SOAR as a Cognitive

blabbedharborAI and Robotics

Feb 23, 2014 (3 years and 3 months ago)

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SOAR as a Cognitive
Architecture for Modeling
Driver Workload

Randall Mauldin

Goal


To have onboard computer assistance
that allows safe multi
-
tasking while
driving.


Reduction of accidents and unsafe
driving due to the distraction of
secondary tasks proves to be a cause
worth pursuing.

Introduction


Develop a Computational Cognitive
Model of the driving task to allow a
safer and more efficient driving
experience.


How?


Develop a Cognitive Process Model
(CPM) of a basic driver workload.


The C
PM

will take in to account
various

driver tasks and interpret their
demand

on cognition.


Develop computational specifications
and implement them into a Cognitive
Modeling Architecture.

Possibilities for a CPM

What is Driver Distraction?


Driver distraction lacks a precise,
scientific definition.


Defined based upon four components:
Impact, Agent, Mechanism, and Type.



Impact and Agent


“A driver is delayed in the recognition of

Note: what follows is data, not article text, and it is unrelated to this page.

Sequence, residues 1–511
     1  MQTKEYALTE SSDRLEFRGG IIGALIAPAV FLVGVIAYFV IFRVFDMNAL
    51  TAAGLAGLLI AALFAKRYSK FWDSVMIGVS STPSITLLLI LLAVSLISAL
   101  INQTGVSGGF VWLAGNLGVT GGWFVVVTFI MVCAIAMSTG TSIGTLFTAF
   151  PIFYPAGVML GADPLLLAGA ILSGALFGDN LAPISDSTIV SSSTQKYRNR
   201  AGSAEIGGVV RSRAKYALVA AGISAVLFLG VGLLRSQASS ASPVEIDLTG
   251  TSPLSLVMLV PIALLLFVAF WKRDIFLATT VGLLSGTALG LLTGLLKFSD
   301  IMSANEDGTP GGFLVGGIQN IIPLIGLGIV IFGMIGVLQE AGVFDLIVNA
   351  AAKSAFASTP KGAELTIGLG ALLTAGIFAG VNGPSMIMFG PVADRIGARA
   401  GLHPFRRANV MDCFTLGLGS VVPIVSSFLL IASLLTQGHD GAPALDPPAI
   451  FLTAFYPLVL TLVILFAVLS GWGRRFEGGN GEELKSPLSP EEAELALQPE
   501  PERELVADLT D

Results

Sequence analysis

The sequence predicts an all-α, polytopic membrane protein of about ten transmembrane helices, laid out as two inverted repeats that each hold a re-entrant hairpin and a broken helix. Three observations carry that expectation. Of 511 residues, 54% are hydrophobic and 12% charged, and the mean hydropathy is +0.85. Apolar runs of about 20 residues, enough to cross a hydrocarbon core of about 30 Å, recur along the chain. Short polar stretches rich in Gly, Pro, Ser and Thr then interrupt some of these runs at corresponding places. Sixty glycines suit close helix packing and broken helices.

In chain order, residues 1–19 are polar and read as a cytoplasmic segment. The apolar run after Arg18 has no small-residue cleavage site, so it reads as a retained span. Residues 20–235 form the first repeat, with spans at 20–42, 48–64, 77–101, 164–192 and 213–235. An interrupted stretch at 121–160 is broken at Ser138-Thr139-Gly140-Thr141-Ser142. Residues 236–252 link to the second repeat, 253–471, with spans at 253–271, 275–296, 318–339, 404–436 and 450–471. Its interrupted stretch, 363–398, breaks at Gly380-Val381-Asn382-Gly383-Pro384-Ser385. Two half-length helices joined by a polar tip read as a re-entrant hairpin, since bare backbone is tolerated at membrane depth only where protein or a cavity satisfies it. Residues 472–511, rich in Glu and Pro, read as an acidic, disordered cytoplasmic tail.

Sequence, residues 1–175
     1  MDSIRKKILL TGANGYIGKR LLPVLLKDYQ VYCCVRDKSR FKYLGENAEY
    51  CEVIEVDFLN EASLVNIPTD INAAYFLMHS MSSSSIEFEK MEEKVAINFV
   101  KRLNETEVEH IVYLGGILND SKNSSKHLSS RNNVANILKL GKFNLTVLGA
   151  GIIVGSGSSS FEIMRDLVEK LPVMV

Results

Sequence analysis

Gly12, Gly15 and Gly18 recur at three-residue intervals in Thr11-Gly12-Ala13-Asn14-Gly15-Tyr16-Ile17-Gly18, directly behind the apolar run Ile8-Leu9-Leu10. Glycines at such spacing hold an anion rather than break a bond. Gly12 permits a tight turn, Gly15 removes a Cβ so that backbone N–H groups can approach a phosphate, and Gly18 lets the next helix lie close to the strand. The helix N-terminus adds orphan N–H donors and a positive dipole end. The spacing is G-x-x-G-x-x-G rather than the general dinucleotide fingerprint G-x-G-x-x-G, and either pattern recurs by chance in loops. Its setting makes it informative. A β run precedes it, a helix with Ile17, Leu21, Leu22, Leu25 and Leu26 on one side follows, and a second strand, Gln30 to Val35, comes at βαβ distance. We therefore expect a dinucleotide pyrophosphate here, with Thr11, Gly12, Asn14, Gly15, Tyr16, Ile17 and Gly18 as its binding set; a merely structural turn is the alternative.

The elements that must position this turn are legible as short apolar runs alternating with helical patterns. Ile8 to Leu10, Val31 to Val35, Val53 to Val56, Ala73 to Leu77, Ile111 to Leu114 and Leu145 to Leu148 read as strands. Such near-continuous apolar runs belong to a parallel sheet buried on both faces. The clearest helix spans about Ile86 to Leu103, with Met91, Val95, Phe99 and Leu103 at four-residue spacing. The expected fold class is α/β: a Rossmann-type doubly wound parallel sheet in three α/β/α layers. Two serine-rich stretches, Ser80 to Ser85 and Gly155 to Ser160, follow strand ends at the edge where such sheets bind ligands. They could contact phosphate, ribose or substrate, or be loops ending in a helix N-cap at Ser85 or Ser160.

information necessary to safely maintain
the lateral and longitudinal control of the
vehicle (the driving task)”



“Due to some event, activity, object or
person, within or outside the vehicle”


Mechanism and Type


“That compels or tends to induce the
driver’s shifting attention away from
fundamental driving tasks”




“By compromising the driver’s auditory,
biomechanical, cognitive or visual
faculties, or combinations thereof”


SOAR


State Operator and Result


Created by John Laird, Allen Newell,
and Paul Rosenbloom at Carnegie
Mellon University in 1983.


The “state” is the situation that needs
to be solved.


The “operator” is what changes the
“state.”



SOAR

Soar’s 7 step decision cycle

SOAR

Structural model of Soar’s operation

Key Features


Capable of representing large complex
rule sets


Learns in a problem
-
solving context


New rules created for shorter
sequences (“chunking”)